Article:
Nyombyekothe expressed confidence that the Sh1 billion miraa kitty allocated by the national government to the miraa growing areas could help Embu, Meru and Thara- ka-Nithi Counties reach more markets and establish value addition chains.
“The progress for the construction of boreholes and earth dams to support khat farming in the three counties is going on well.
Tenders for building of market sheds has also been floated. Embu will get seven markets,” he said.
He said once regulations for miraa farming area in place, they will enable the stimulant’s marketing to be well organised thus avert disputes.
Nyambene Miraa Traders Association national chairman Kimathi Munjuri attributed the Kamuketha scuffle to instigation by politicians.
“What happened was regrettable and should never recur. From our history with Embu County, we have co-existed harmoniously and conducted the miraa business there without issues. I feel the scuffle was politically fueled,” he said.
Munjuri argues that the miraa business should be a free trade where willing buyers and sellers meet at the market.
He however concedes that selling Meru’s miraa passed off as Muguka might trigger issues.
He calls on the traders to join hands in jointly seeking for better markets instead of fighting one another as happened in Embu.
He cautions that violence can never resolve issues that are best left to market forces of demand and supply.
“Khat traders should let the consumer chew the stimulant of choice whether it is kangeta or muguka. We have muguka consumers in Meru who depend on supply sourced from khat farms in Embu,” he explains.
Munjuri is however optimistic that the implementation of pro- jects funded by the miraa kitty would help expand the market for miraa.
He urges the traders to learn from banana traders who cultivate different varieties and meet in the same market, yet they never fight but leave consumers to choose the variety of choice.
He prophesies that in the coming years muguka and miraa production will not be a preserve of only Meru and Miraa counties seeing other regions have embraced its farming.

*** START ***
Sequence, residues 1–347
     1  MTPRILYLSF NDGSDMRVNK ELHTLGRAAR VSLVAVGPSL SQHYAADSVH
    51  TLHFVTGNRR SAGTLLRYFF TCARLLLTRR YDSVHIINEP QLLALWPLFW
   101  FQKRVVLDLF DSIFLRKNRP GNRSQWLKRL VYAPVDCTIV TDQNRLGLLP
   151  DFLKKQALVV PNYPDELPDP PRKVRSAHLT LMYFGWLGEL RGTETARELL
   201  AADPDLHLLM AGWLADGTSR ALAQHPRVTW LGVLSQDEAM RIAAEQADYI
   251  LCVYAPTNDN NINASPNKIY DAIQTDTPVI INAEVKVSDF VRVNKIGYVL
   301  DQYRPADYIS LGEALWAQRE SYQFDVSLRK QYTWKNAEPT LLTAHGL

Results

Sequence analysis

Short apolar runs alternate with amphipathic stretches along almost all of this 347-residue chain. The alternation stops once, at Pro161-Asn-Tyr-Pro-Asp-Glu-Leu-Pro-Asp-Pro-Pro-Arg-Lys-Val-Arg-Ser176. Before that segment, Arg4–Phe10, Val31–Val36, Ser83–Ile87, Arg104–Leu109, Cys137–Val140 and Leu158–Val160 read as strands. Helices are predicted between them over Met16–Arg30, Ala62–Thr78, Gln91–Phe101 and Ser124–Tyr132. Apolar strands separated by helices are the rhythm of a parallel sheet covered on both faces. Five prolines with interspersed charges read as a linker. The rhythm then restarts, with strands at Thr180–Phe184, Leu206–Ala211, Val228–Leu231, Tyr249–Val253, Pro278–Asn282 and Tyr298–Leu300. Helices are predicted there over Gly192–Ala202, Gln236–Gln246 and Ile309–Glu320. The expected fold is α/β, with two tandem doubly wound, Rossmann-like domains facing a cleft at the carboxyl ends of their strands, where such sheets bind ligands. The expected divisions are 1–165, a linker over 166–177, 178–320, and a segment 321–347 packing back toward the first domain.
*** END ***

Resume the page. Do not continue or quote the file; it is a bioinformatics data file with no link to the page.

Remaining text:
“Farmers should look at the bigger picture and strategize on how they will cope when more thousands of acres of miraa spring up and eye the same market.
“Miraa is currently a national crop being grown mainly in Meru and Embu but other counties including Tharaka-Nithi, Nyeri, Machakos, Kirinyaga and the coast are starting its cultivation. Since miraa farming is profitable expect other counties and even countries to start producing it,” he cautions.
Munjuri advised miraa stakeholders to become enterprising to survive the onslaught when the crop floods the market. “Protection no longer works as a tool of trade. We need to keep innovating quality wise, value addition and in marketing,” he says.
But he assures farmers not to panic since the local consumption of khat is also growing as the stimulant fast becomes a choice habit for leisure time for many.
Contacted, Embu Trade Executive Jamleck Muturi said the county will treat all traders equally and involve every stakeholder in resolving disputes that arise.
He urged farmers and traders to take cognizance that whatever they produce they cannot consume by themselves alone, but must sell the surplus elsewhere and also purchase from other places what they do not consume.